Objective. Insulin resistance (IR) and ovarian and adrenal hyperandrogenism are a common finding in women with polycystic ovary syndrome (PCOS). The aim of the present study was to access possible differences in insulin resistance, gonadotropins, and androgens production in obese and nonobese PCOS women. Study Design. We studied 37 PCOS women (16 nonobese and 21 obese) and 18 nonobese controls. Fasting glucose, insulin, androgens, and gonadotropins levels were determined. Salivary cortisol was measured basal and in the morning after dexamethasone (DEX) 0.25 mg. Results. Nonobese PCOS women showed higher basal salivary cortisol and serum dehydroepiandrosterone sulfate and luteinizing hormone (LH) levels than controls and obese PCOS. These hormones levels did not differ between the obese and control groups. After DEX administration no differences were found between the three groups. In PCOS women, salivary cortisol levels showed negative correlation with BMI (; ) and insulin (; ) and positive correlation with LH (; ). Conclusion. Our results show an increased adrenocortical production in nonobese PCOS women, not related to IR and associated with a normal hypothalamic-pituitary-adrenal suppression. Higher LH levels might be involved in this event.

Adrenocortical Production Is Associated with Higher Levels of Luteinizing Hormone in Nonobese Women with Polycystic Ovary Syndrome

Now with this information we can also extrapolate that testosterone therapy induces adrenal fatigue, since it is correlated with LH and we know that is suppressed when we take exogenous testosterone.

Which is exactly the reason so many men on TRT have low DHEA-S levels, especially if they are not on a proper amount of HCG.

Interesting. I declined HCG because I have already had a vasectomy and fertility is therefore no concern. I’m interested in revisiting this in light of what you are stating here.

I’ve been on TRT for around 8 months and feel I have my protocol fairly dialed in. If I were to try adding HCG, would that affect my current T dosage? Would I have to go through dialing it all in again?

Also, what are your thoughts on this regarding females? I ask this because if it could benefit my wife as well…

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I do not think you would have to re-dial in, even though HCG stimulates hormone production it is not going to produce a crazy amount of testosterone to where you would need to lower your dosage.

Also now that you are dialed in, adding HCG should be easy to figure out, because you will know any change in labs or feeling can be attributed to the HCG.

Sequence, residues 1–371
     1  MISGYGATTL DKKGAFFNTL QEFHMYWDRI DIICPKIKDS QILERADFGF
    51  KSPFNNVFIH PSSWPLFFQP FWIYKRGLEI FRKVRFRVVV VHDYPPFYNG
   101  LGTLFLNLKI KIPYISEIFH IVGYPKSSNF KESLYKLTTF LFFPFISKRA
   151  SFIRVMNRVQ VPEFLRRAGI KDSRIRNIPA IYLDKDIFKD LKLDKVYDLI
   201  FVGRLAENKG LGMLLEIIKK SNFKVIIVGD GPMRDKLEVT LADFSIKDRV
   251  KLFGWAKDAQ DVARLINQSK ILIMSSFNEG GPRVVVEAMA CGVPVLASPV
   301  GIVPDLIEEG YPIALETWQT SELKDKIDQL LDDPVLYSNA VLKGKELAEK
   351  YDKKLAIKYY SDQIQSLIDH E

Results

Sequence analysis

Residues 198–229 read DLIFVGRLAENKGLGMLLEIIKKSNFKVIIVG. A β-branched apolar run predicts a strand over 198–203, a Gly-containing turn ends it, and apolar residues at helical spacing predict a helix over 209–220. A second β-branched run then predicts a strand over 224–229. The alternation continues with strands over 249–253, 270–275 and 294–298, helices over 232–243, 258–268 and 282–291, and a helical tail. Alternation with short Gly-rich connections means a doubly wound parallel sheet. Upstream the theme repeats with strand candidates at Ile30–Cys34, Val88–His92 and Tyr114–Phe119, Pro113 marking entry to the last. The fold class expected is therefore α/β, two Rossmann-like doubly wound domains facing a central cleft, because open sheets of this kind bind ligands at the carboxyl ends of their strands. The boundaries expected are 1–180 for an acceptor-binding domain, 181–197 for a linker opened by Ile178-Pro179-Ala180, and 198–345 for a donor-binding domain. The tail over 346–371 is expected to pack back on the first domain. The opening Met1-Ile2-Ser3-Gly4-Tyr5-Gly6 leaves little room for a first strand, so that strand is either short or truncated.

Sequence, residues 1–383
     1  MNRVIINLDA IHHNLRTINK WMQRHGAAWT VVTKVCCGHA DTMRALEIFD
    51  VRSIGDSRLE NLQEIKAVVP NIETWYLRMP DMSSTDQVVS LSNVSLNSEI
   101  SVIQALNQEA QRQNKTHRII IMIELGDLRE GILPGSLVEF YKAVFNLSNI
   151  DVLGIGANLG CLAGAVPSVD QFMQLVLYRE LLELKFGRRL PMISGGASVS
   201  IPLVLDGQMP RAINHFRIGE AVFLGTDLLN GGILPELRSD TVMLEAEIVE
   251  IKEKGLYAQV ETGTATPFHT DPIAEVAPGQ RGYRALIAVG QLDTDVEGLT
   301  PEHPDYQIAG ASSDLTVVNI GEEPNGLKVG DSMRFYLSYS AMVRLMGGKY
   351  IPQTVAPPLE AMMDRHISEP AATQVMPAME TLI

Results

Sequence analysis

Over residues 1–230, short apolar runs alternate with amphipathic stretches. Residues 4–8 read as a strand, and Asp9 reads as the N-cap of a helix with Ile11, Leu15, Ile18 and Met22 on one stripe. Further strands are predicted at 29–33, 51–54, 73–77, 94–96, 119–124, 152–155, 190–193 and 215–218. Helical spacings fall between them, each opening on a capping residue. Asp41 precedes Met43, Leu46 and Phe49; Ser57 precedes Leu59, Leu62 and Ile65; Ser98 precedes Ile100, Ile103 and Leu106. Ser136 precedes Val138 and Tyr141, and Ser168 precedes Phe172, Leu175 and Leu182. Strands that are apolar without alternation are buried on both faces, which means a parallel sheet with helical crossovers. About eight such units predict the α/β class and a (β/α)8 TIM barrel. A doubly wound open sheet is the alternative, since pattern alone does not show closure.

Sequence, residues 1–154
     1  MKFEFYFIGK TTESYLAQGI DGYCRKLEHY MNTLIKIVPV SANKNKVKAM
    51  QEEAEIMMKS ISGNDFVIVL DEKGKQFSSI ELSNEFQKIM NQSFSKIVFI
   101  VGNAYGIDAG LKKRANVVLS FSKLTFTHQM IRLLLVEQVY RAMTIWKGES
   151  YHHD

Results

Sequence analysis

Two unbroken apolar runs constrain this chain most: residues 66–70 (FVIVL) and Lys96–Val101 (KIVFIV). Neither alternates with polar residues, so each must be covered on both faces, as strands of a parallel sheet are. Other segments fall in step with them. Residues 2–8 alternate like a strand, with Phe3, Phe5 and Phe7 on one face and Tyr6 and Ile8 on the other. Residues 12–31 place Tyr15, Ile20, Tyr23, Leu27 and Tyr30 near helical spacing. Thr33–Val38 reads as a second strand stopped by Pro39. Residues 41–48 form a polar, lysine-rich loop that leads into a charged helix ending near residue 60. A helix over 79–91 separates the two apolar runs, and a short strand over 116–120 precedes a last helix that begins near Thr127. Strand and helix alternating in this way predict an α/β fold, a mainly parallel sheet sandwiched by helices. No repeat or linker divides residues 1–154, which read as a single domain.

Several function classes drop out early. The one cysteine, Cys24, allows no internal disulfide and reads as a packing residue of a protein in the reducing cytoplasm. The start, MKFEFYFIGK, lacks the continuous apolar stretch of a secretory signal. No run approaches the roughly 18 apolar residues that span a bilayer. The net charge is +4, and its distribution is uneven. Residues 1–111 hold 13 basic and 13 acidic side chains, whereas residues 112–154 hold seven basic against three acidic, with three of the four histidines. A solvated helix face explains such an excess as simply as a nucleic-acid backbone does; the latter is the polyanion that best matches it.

Also remember a lot of prescribers are doling out 250iu dosages, and I can tell you that this is just not enough to do much of anything.

Also since you are already suppressed, you may want to consider a higher dosage of HCG at first while you attempt to revive and re-sensitize, then titrate down once things are moving again.

I would consider 500-750 IU 3x per week at first, then after a month or 2 drop down to 500iu 2x per week and hope that it holds.

I recommend all this to be done under the supervision of a licensed physician of course :slight_smile:

Hope this helps.

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Is dhea levels lower on trt because of a feedback loop?
Meaning more is not needed because there’s exogenous testosterone.

Also I don’t think you can dx adrenal insufficiency just because dhea is lower.
You need to check cortisol and acth levels.

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Well I used to think the same thing, until I worked with someone from Penn (one of the best for this stuff) and realized DHEA-S Serum is the best at determining adrenal insufficiency.

The truth is low DHEA-S is used for confirmation, a comprehensive questionnaire reviewing symptoms is the best way to diagnose. One of the most prominent symptoms is getting sleepy mid afternoon.

The only time DHEA-S doesn’t work well, is in elderly.

Normal age- and gender-specific DHEA-S level or a DHEA-S ratio of more than 1.78 are valuable markers of HPA integrity. Serum DHEA-S may be a candidate for a less costly approach where ACTH stimulation is unavailable.

Serum dehydroepiandrosterone sulfate in assessing the integrity of the hypothalamic-pituitary-adrenal axis

Thanks for taking the time!

I will have a discussion with Dr. Calkins and get his thoughts as well.


Is there somewhere I can go to find a good questionnaire on this. I have been getting sleepy mid afternoon lately and have been suspicious that it could possibly be thyroid but maybe this could the problem also.